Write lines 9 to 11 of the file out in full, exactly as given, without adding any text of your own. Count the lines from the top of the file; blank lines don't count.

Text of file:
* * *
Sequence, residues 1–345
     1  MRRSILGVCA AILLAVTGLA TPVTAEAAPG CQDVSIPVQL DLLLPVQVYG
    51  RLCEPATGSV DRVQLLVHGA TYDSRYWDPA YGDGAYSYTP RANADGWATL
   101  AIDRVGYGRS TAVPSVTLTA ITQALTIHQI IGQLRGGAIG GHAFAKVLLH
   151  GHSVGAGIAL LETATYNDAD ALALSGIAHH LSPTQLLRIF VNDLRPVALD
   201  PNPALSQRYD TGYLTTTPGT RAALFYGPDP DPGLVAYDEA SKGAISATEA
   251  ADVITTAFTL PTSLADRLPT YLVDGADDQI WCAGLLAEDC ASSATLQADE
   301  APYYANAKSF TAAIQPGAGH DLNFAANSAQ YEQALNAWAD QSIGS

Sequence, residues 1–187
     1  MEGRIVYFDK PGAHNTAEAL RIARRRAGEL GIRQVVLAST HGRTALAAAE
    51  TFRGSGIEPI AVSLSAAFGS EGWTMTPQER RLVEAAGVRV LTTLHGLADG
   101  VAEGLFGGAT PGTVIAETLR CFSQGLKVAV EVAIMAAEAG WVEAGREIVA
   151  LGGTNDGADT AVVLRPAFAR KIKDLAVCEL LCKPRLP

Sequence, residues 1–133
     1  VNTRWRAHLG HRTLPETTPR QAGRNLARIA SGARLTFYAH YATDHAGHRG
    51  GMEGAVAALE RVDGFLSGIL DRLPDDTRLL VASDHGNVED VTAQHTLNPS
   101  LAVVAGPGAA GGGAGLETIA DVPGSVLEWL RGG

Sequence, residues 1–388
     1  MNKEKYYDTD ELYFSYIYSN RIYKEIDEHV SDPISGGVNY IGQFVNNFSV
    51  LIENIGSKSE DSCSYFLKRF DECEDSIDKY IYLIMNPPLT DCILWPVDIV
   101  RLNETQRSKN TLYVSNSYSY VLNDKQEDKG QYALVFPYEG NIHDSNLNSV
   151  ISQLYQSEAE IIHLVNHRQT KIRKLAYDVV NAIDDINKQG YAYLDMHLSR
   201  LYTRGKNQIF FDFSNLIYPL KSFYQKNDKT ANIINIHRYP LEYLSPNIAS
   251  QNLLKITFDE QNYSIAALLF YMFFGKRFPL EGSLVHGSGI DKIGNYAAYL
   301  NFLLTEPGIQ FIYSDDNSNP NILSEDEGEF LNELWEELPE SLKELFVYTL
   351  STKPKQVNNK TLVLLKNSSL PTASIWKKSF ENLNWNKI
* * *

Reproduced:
Sequence, residues 1–187
     1  MEGRIVYFDK PGAHNTAEAL RIARRRAGEL GIRQVVLAST HGRTALAAAE
    51  TFRGSGIEPI AVSLSAAFGS EGWTMTPQER RLVEAAGVRV LTTLHGLADG